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Aishwariya's LittLog

On Books, Writing, Editing, and More

Interview with Author Sajita Nair

  1. What prompted you to write ‘The Grande Matriarch of Malabar’?
    Ever since my debut novel, ‘She’s a Jolly Good Fellow’ was published, I
    wanted to write a story of a tharavad (ancestral home) set in Kerala. I was
    intrigued by the matrilineal tradition that was distinctly different from the
    patrilineal system followed elsewhere in the world. As there wasn’t much
    literature available about this unique system and its transition to
    modern-day society, I set my heart on writing this book.
  2. Could you tell us about your writing process?
    When an idea grips me, I plan the plot, atmosphere, and characters. I write
    them down in longhand and develop a synopsis of the plot while also
    creating well-rounded characters with their own unique character traits. As
    I write the novel, changes happen along the way when the story begins to
    take form. Once I’m done with the first draft, editing, and rewriting begins.
    Then the manuscript becomes presentable and I have someone read it.
    Based on the inputs received, I rewrite, edit or delete parts. Only after
    many edits is a manuscript ready to be sent to a literary agent or publisher.
    With ‘The Grande Matriarch of Malabar’ however, I was confused about its
    narration. Should it be in the first person? Or epistolatory? Or an inanimate
    tharavad narrating its own story? I rewrote this book many times in various
    versions before finally settling for the nested narrative.
  3. Could you tell us about your publishing journey?
    This book faced a slew of rejections from agents and publishers. With each
    rejection and feedback however, I edited and re-wrote parts of the
    manuscript and deleted extraneous bulk. Readomania publishers finally
    accepted the manuscript, which was earlier titled ‘Flight of a Malabar
    Hornbill’, and published it as ‘The Grande Matriarch of Malabar’.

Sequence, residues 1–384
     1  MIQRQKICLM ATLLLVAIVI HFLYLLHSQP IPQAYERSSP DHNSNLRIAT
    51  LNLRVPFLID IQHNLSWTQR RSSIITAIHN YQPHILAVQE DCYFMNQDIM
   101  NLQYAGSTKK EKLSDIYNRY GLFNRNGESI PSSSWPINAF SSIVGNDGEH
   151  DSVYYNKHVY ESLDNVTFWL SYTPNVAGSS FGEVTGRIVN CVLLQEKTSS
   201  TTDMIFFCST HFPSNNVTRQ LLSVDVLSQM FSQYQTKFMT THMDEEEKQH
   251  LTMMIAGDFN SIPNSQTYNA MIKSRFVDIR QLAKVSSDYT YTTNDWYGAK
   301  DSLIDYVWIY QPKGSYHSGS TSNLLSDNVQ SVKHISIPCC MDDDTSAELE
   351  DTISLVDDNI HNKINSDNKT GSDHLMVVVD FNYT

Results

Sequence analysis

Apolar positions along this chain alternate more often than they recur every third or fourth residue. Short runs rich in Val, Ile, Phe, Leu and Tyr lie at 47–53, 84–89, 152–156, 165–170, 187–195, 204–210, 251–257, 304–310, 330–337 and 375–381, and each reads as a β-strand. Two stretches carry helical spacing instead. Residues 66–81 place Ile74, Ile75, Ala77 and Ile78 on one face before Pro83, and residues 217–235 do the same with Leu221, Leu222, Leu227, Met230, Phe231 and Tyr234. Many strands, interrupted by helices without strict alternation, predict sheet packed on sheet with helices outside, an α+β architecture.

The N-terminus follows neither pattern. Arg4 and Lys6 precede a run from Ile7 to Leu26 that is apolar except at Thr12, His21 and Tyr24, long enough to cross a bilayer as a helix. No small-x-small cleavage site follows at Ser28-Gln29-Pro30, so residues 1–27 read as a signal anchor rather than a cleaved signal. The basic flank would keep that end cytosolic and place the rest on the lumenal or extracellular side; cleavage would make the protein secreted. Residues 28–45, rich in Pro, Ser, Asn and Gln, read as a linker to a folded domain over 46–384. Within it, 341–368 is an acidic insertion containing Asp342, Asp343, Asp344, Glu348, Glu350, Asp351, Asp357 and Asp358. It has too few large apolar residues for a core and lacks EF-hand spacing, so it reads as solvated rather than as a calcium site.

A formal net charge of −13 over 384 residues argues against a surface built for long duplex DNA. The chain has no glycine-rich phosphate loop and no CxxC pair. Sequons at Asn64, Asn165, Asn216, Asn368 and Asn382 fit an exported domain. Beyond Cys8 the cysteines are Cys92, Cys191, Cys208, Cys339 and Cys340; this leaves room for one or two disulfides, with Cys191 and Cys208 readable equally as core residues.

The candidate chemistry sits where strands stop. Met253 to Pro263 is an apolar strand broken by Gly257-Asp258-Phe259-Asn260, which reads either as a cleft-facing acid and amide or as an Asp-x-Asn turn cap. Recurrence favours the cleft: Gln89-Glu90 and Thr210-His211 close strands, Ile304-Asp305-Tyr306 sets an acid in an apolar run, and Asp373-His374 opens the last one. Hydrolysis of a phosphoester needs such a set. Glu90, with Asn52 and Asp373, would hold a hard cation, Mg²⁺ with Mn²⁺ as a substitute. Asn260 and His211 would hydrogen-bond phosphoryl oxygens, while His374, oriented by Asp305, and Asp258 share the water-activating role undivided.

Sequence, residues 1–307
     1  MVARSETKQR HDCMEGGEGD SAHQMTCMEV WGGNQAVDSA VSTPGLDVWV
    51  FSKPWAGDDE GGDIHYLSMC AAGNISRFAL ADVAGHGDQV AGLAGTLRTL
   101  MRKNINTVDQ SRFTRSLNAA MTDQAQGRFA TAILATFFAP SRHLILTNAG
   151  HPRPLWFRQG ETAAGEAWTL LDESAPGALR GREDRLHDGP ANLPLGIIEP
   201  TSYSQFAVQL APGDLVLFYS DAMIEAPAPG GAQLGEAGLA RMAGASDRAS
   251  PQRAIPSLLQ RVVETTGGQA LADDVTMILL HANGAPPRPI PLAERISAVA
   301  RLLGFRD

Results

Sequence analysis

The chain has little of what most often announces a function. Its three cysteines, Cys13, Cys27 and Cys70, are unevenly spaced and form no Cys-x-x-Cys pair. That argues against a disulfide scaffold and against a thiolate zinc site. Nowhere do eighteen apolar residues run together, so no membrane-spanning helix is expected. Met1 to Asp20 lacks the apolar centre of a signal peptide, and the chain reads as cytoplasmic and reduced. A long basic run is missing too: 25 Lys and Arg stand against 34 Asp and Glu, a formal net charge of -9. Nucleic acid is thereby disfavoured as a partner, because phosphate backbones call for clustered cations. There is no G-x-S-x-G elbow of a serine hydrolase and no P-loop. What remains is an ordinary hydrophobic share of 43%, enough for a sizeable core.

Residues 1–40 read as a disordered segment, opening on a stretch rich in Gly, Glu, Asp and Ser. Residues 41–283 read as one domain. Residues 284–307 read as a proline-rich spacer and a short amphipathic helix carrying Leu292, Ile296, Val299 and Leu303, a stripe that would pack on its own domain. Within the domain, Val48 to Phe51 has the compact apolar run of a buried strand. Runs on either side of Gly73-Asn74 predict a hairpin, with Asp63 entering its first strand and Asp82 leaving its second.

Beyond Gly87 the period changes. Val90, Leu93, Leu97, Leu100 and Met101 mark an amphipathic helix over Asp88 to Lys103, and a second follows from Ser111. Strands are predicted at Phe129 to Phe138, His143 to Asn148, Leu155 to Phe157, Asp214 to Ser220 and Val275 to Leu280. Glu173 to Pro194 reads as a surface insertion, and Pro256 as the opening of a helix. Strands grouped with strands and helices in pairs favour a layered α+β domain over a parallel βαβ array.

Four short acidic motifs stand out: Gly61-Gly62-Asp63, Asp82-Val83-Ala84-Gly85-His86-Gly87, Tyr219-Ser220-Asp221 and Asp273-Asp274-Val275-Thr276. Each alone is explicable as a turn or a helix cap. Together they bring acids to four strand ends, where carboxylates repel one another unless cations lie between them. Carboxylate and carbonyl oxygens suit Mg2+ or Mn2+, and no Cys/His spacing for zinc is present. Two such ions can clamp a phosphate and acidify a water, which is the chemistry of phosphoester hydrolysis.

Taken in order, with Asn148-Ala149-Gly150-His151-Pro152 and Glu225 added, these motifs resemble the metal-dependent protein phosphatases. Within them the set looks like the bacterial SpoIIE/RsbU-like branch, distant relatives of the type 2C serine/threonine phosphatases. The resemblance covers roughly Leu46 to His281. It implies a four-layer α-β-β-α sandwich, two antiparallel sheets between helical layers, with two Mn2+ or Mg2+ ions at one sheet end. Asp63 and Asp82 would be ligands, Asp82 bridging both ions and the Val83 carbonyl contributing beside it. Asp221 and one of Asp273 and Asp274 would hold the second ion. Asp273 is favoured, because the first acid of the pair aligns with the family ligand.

Pic of Sajita Nair provided by the author

4. Who are your favorite authors?
I have enjoyed reading books by Alexander McCall Smith, Jodi Picoult,
Haruki Murakami and Amitav Ghosh.

5. What is your current read?
The Half-known Life by Pico Iyer and The Forty Rules of Love by Elif Shafak.

6. What were some lessons you learned while writing this book?
While researching for this book, I learned about a bygone era with its rich
culture and traditions, when tharavads maintained an elevated status in the
Kerala society. And as a writer, trying to be published traditionally, I learned
that market dynamics play a crucial role in the acceptance of a book by

7. If you could be a literary character for a day, which one would you pick?
Rima, the bird-like, lithesome forest girl from Green Mansions, for she was
ethereal, mysterious, and free-spirited.

8. What’s your advice for aspiring authors?
When writing a book, I would suggest starting with a synopsis, a short, two-
page summary which gives an overview of the plot, the characters, the tone, and the style of your story. With a synopsis, anytime you confront writer’s
block, you can always refer back to it and find your way forward. Don’t let
rejections demotivate you. Remember, perseverance is key. This quote by
Toni Morrison keeps me motivated. Hope it does for you – ‘If there is a book
you want to read, but it hasn’t been written yet, then you must write it’.

9. Which book would you recommend to bibliophiles?
For light reading, Alexander McCall Smith’s The No. 1 Ladies Detective
Agency series is delightful and engaging. For something philosophical, I
would recommend Zen and the Art of Motorcycle Maintenance by Robert
M Pirsig and The Old Man and the Sea by Ernest Hemingway. For serious
and insightful reading, you cannot miss When Breath Becomes Air by Paul
Kalanithi. If travel writing is what you are looking for, do read books by Pico

10. What are you working on currently?
I’m working on a book based on submariners in the Indian Navy. Not much
has been written about their profession, their grit, and their lives. Being a
submariner’s spouse, I would like to bring to the readers this facet of life in
the armed forces.


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Aishwariya Laxmi

I’m Aishwariya. I’m passionate about writing, reading, marketing communications, books, blogging, poetry and editing. I’ve donned several hats, such as freelance journalist, copywriter, blogger and editor.


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